ALUMNI SERIES: University of Haifa alum supports Israel — one cookie at a time

alis cookies

By: ASUH Published: February 28, 2024

A bakery selling mouthwatering chocolate chip and southern red velvet cookies shouldn’t be a source of controversy. Yet Nofar Shablis, owner of Ali’s Cookies in Emory, Georgia, found herself constantly harassed by customers in the aftermath of Hamas’ October 7 attacks on Israel.

A native of Kiryat Chaim, a neighborhood of Haifa, Shablis wanted to show solidarity with Israel by displaying the country’s flag in her store. Although her family moved to Georgia only a few years ago, Ali’s Cookies has been able to earn a cult following for its delicious offerings of homemade goods baked from scratch every day.

In our conversation, Shablis talks about her time at University of Haifa, where she earned a Master of Business Administration (MBA), and how her store is coping today despite opposition from local residents who oppose her support for Israel.


What made you want to enroll in University of Haifa? In what ways did your degree from Haifa prepare you for running your own business?

I have a bachelor’s degree in Economics from Bar-Ilan University, and I knew I wanted to get my masters. Given the location and nature of the program, Haifa was the perfect place for me. Then COVID-19 happened, so we studied by Zoom. Ninety percent of my degree was from home. To do exams from home and care for a small baby was challenging, but we got through it. That experience, though, prepared me pretty well for the reality of running a business — where you often have to juggle several things at once.

The content of my business degree was very useful too. There, I learned what makes for a good business, what a decline in sales means, how to market to customers and how to find investors that are a good fit for your business.

Why did you decide to open a bakery?

Baking was always a hobby, but I spent more time cultivating those skills during the COVID crisis when I had a lot of time at home. I started to bake and discover all the things I could make — and they were really good! Muffins, challah, cakes, cookies — it was so much fun to create with my hands. When I graduated from University of Haifa, I thought it would be a good idea to combine this hobby with business degrees, which gave me confidence to open up my own business. My husband is also really talented in the kitchen, and we work together at the bakery.


Can you talk about what you love about baking and what makes your shop special?

The cookies are great! Our cookies are fairly large and pack a lot of flavor with our smores, sugar, oatmeal, apple pie and chocolate chunk cookies all really popular. I think what sets us apart from other bakeries is that everything is made from scratch every day.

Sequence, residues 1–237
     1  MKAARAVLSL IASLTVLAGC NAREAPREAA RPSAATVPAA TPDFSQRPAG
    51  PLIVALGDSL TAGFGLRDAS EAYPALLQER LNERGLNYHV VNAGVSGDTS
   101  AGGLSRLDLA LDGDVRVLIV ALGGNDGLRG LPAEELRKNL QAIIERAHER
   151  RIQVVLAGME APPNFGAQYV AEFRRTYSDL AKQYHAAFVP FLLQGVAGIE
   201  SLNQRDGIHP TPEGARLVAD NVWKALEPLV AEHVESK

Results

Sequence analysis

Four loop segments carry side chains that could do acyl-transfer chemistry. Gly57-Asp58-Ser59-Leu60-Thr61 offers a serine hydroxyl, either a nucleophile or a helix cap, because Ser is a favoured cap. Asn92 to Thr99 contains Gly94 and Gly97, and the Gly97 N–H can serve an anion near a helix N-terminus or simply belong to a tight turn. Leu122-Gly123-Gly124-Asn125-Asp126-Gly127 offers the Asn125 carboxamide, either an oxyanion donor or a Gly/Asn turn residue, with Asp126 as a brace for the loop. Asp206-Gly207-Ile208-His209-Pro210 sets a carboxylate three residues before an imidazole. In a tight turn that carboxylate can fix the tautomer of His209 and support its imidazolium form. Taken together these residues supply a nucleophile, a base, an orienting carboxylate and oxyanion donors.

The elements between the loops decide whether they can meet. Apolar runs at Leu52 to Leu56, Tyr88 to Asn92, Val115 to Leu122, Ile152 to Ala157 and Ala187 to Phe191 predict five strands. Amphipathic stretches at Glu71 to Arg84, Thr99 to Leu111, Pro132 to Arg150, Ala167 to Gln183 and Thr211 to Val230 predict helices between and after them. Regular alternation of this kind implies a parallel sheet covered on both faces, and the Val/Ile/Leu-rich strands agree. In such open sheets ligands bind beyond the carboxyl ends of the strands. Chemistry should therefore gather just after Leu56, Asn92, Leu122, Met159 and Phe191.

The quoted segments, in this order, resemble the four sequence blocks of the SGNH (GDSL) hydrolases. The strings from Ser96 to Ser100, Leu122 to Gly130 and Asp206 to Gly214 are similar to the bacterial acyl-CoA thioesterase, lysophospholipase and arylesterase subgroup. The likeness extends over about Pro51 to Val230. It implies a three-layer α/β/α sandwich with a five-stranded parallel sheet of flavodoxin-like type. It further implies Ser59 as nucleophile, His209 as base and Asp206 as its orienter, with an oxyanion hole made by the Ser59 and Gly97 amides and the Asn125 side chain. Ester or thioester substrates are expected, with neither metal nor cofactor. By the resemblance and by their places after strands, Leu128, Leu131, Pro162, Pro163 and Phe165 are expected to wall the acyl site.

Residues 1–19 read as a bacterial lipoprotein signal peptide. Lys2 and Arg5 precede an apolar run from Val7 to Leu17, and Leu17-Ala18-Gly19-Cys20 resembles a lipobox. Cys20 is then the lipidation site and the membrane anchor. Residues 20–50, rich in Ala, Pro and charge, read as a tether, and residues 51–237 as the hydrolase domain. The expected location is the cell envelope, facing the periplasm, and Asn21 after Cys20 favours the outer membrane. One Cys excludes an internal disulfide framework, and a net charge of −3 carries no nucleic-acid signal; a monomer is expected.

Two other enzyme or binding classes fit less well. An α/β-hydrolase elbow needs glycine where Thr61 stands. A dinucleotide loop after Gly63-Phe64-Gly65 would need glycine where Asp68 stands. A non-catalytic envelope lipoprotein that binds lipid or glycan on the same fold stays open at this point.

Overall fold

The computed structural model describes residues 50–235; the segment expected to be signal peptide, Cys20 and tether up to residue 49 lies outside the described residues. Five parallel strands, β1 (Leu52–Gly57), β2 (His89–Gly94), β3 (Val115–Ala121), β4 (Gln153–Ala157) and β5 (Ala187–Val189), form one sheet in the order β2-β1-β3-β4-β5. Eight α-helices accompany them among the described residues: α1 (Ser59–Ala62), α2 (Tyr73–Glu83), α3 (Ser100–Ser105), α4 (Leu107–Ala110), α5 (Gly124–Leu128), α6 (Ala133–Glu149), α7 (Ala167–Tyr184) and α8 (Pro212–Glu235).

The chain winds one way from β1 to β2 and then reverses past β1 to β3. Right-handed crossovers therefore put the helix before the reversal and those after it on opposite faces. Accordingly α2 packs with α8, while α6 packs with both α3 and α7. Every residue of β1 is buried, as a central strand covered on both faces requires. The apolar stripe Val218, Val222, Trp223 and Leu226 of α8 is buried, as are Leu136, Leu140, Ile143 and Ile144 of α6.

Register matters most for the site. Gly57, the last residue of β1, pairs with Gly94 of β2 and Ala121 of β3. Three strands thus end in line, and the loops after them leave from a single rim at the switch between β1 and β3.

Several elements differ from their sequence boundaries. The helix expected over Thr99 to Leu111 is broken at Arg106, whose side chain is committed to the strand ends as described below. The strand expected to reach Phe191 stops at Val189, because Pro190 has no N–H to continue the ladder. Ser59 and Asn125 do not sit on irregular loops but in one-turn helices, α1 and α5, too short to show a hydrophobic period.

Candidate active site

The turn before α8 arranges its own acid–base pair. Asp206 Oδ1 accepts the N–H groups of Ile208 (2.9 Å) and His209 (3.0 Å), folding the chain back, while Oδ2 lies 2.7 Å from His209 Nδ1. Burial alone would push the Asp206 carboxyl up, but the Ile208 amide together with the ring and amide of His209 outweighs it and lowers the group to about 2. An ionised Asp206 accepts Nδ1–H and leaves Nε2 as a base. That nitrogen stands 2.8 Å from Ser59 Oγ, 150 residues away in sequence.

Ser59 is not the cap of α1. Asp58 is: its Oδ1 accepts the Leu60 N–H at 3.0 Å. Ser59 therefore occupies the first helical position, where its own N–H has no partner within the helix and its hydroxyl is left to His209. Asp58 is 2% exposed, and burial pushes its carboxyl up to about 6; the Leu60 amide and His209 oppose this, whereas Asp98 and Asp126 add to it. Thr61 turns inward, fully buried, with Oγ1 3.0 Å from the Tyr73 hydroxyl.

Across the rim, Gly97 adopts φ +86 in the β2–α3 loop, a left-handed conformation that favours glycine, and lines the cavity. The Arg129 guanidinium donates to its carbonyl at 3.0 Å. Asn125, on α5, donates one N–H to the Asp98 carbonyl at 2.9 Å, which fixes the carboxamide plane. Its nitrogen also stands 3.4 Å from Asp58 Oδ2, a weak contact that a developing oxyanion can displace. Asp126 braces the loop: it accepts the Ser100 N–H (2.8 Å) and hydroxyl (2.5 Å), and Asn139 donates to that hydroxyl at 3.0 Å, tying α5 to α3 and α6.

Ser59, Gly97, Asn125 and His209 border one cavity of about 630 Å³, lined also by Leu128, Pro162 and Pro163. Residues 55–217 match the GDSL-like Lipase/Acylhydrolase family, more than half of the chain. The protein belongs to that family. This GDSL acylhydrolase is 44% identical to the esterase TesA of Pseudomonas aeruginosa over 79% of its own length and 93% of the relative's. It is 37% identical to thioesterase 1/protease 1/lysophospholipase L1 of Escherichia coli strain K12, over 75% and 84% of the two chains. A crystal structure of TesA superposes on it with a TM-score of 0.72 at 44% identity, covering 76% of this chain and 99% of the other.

In the aftermath of October 7th, you showed support for Israel by displaying its flag in your store — something that many customers took issue with. What did they tell you? How did you react and how did your business suffer as a consequence?

We’ve been dealing with a small group of people in our community that have strong beliefs, but we felt obligated to stand with our country. We have an Israeli flag draped above our TV and when some people walk in and they see the flag, they say they won’t buy from us because we’re murderers who support genocide. If they come in with friends, they’ll pull them out of the store. Another person saw the flag, cursed at us and spit on the floor. A few people have tried to tear it down. Some drew a Palestinian flag on our table or wrote “free Palestine.”


I called the police, but they said this was a matter of free speech. Who am I to argue with the police?

Yesterday, one person came in and said that he wished other Israelis would die and threatened to burn down our bakery. When we called the police about that, they opened a report.

And then we get a constant stream of bad reviews and hate emails from the general public.

Do you ever think of confronting them?

No, I prefer to not engage because if they’re capable of being so rude to my face, who knows what they will do. At the end of the day, I have a family business and want to provide for my children. I don’t want to fight with anybody and would rather the police do their job.

As someone who attended a school known for being a beacon of diversity for Arab, Jewish and Druze students in Israel, what do you wish people knew about the country?

I don’t think people really know a lot about the country. People should read more before they speak and make an effort to get to know our people.

How is your store faring today?

We get a lot of support from the Jewish community and we’re very appreciative. Christians have also been supportive and that warms our heart to know that there are good people out there. Our sales are okay, they’re not where I want them to be, but I guess this is a rough patch and we have to power through it. This too shall pass.

What can the Israeli community in America do to continue to support each other during these difficult times?

Just support and listen to us. Be there for us. Try to see things from our perspective. Israel is on fire. It’s all very bad and our families in Israel and our friends are going through something unbearable. It couldn’t be worse and it’s too much. Everything that happened on October 7th, is a harrowing reminder of our fight for survival in 1948.